5 Staging Mistakes – Great Article from Trulia

5 Staging Mistakes Sellers Think Are Awesome —and How to Change Their Minds

 

Nowhere in life is the old adage that beauty is in the eye of the beholder truer than in real estate. One woman’s dream home might be a mid-century modern, Mad Men styled contemporary, while another’s includes all the gingerbread charm of a classic Victorian. But when it comes to prepping a home to be viewed and (fingers crossed!) sold, there is both art and science to staging a home before its listed to maximize its appeal to the broadest number of target buyers.

The challenge is this: staging is an investment, one every seller can’t afford to make (although studies have shown professionally staged homes sell faster and for more than non-staged counterparts). So many sellers take it on as a do-it-yourself project which, like all DIY home improvement projects, can be fantastic or, mmm, not—depending on the approach, skill, and resources of the ‘self’ who does it.

Here are a few common scenarios in which sellers think their staging is awesome and buyers, well, beg to differ. Plus, check out the tactful things agents can say to help get sellers back on track:

Love these tips? Share this helpful handout with clients.

  1. The sellers used beat up or ugly furnishings and decor.

Great staging—DIY or professional—includes choosing furniture that shows the home off in its best light, and positioning the furnishings optimally, too. Sometimes this can be done using certain pieces of the seller’s furniture. Other times, furniture must be rented or otherwise obtained. One area in which budget-minded sellers like to save money on staging is by finding cheaper alternatives than renting new furniture from a staging company or store.

In this era of Craigslist, eBay, Freecycle, estate sales and other peer-to-peer online stores and trading sites, there is an abundance of access to used furniture at great prices. I have no bone to pick with the smart sellers who use these tools to replace their own furniture with something that is in better condition, more attractive or a smaller scale than their own, so as to highlight how much space their home truly offers. That said, using old, floral sofas from Craigslist’s Free Section, unattractive thrift store ‘artwork’ or even their own truly worn out, old furniture is a recurring reason buyers cite for focusing on how bad the staging is vs. the house itself.

What’s worse, the furnishings a seller might think was THE BEST BARGAIN EVER might actually give the nice home a worn-down, unkempt feel to the buyers who come to see it.

How to help your sellers: Have a consistent message throughout the process of staging. Clean and simple typically highlight a space. Before letting sellers go to town on the staging, show them examples of a beautifully staged home and one that’s not so great. The visual examples can help get your message across better than simply talking it through.

  1. They created distracting themes and scenes.

My friend Barb Schwarz is the head of the International Home Staging Professionals Association; she defines staging as ‘preparing a home for sale so the buyer can mentally move in.’ The goal is for buyers to visualize the new-and-improved versions of their lives that the home will help them realize, so some pro stagers will set up objects to communicate the lifestyle activities that a home facilitates. It’s not bizarre to see a breakfast table and chairs on the patio of a home with lovely views, a crib and baby gear-vignette in a small room suitable for a nursery, or a popcorn maker and recliners to show off a media room’s theater-readiness.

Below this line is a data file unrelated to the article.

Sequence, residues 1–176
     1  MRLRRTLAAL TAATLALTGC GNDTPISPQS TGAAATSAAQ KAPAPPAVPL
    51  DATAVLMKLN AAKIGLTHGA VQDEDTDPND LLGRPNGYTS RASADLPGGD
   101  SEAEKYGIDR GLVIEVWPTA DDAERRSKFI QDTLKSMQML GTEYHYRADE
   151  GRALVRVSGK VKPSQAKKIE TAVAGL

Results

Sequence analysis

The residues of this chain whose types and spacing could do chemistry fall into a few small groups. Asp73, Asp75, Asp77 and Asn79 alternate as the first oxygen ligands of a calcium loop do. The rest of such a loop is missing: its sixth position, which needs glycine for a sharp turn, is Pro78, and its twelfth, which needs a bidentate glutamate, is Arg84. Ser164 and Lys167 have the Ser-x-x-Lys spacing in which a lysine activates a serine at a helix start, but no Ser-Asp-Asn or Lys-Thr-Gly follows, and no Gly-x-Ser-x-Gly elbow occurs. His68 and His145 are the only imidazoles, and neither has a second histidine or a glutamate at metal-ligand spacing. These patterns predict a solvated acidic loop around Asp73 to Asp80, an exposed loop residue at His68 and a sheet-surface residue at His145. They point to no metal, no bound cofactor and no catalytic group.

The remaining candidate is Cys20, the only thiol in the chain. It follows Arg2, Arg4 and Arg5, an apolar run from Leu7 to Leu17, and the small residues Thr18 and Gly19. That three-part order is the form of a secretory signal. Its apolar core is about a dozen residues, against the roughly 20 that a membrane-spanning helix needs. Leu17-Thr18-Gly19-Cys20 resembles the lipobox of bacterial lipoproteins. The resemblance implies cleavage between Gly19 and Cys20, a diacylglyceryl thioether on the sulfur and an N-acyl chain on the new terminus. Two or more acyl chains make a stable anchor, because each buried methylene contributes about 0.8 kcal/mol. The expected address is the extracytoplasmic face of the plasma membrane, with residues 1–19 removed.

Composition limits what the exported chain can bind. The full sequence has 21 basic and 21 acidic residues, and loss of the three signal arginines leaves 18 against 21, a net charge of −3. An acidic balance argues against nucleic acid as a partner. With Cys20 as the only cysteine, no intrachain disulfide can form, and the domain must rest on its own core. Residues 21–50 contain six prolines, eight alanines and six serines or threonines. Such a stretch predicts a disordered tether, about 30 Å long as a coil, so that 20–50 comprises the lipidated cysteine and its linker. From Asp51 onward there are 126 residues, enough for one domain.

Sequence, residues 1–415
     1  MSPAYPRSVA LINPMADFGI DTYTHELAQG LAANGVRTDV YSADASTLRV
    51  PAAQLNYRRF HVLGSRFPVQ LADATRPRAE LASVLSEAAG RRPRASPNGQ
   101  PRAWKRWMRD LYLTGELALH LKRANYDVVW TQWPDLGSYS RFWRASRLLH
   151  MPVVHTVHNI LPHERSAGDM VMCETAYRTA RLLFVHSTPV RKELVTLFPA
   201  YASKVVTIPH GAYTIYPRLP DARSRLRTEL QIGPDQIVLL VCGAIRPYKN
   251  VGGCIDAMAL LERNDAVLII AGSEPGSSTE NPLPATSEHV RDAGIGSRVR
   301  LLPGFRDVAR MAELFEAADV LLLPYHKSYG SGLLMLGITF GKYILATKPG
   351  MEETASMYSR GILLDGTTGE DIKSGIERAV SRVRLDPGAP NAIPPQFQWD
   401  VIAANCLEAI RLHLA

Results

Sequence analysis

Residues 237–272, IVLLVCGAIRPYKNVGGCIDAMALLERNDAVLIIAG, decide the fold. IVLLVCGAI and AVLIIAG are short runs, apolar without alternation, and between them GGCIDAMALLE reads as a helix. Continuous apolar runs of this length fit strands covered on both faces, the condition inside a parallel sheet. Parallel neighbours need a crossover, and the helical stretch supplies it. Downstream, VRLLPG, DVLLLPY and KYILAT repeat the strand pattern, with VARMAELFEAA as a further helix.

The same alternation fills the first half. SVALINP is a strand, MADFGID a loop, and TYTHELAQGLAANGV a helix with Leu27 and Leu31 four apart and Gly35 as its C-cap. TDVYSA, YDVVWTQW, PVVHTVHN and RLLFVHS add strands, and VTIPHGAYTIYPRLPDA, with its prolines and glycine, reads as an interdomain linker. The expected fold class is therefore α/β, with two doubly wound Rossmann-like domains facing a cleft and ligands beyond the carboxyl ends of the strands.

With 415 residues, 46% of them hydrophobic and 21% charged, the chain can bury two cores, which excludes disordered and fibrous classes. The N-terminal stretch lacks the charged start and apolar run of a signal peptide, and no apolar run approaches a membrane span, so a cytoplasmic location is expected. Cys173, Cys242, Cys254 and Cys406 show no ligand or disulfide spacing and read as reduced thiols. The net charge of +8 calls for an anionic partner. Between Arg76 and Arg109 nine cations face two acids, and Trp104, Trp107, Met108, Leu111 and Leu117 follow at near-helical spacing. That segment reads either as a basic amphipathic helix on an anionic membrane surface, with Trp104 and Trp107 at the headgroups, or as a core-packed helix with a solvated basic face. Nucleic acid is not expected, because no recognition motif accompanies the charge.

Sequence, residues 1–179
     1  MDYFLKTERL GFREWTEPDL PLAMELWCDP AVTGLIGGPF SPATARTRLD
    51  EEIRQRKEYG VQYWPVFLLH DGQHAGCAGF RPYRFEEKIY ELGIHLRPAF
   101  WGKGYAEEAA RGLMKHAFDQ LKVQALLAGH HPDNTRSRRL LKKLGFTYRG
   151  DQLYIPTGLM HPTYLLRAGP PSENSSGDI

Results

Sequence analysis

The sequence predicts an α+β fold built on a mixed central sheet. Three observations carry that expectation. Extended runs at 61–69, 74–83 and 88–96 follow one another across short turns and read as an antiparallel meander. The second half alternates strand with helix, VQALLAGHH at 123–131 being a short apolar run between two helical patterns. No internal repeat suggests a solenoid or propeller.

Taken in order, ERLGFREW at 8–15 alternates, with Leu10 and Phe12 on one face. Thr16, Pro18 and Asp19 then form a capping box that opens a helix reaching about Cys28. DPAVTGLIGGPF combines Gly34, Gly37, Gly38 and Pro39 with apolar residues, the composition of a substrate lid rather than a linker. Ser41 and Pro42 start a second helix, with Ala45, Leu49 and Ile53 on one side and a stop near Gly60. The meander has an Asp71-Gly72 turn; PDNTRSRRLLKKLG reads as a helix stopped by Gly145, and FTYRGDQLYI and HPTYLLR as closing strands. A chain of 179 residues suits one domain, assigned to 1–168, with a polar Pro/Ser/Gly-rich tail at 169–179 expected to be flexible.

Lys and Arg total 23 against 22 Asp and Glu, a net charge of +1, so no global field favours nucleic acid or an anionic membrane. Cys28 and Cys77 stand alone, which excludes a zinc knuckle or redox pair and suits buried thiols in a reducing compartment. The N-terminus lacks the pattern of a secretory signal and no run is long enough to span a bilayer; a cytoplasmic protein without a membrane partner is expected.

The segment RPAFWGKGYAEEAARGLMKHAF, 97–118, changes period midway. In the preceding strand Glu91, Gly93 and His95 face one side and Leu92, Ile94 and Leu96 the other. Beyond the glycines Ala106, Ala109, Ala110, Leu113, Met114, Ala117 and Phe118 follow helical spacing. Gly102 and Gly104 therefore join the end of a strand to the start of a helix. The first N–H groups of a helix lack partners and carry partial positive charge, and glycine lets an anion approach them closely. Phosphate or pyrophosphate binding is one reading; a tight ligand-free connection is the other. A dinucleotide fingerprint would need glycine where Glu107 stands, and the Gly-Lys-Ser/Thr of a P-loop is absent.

Occasionally, though, these scenes and vignettes can go rogue, creating borderline bizarre scenarios that distract and detract more than they help.

A beach scene (ball, umbrella and all) in a midwestern bedroom, a lively Parisian mural and Eiffel tower replica in a California condo and bizarre collections (taxidermy, anyone?) are all real-life examples of staging scenes that have done more harm than good.

  1. The house is neither clean nor clutter-free.

For various reasons, some homes just take time to sell. And if a client is living in a home that is on the market for long, it can be challenging to ensure it is perfectly pristine at all times, meaning every single time a buyer enters it. And it doesn’t take a truly filthy house to turn a buyer’s impression of a home from awesome to awful. The little messes that a family accumulates through daily living can be perceived by buyers as distracting at best—disgusting, at worst.

If the home is well staged, do not underestimate the power of piles of clothes, mail, paperwork, dishes or kids’ toys to deactivate the home-selling power of all the hard work and money that went into preparing the property in the first place.

How to help your sellers: Make sure your clients understand that you know how challenging this situation can be. Empathize with them, but also consider working out a referral coupon or discount with a local cleaning service. A weekly cleaning during the 30-60 day showing period, especially with a generous discount, can be well worth the cost, and show sellers that you get it, and you’re on their side.

  1. There are glaring gaps.

Sometimes a home’s staging leaves a glaring gap, an elephant in the room house, so to speak. This often happens when sellers run out of time and money to prepare a place, but it can be avoided through smart advance planning and budgeting for the pre-listing property preparation.

How to help your sellers:

  • Rooms—Listen, I personally live in a house that is beautiful everywhere until you poke your head into my young adult son’s room. So I can relate to these sellers. This situation might be okay to live with, but it’s a real home staging fail for a property that’s on the market. Remind sellers not to let there be one or two rooms that it looks like the stager—or house cleaner—missed. And this goes for the garage, closets, cupboards and drawers, too. Buyers like to look inside these areas to see how much space they have—if they are crammed full of junk, it creates the impression that the house lacks storage and order.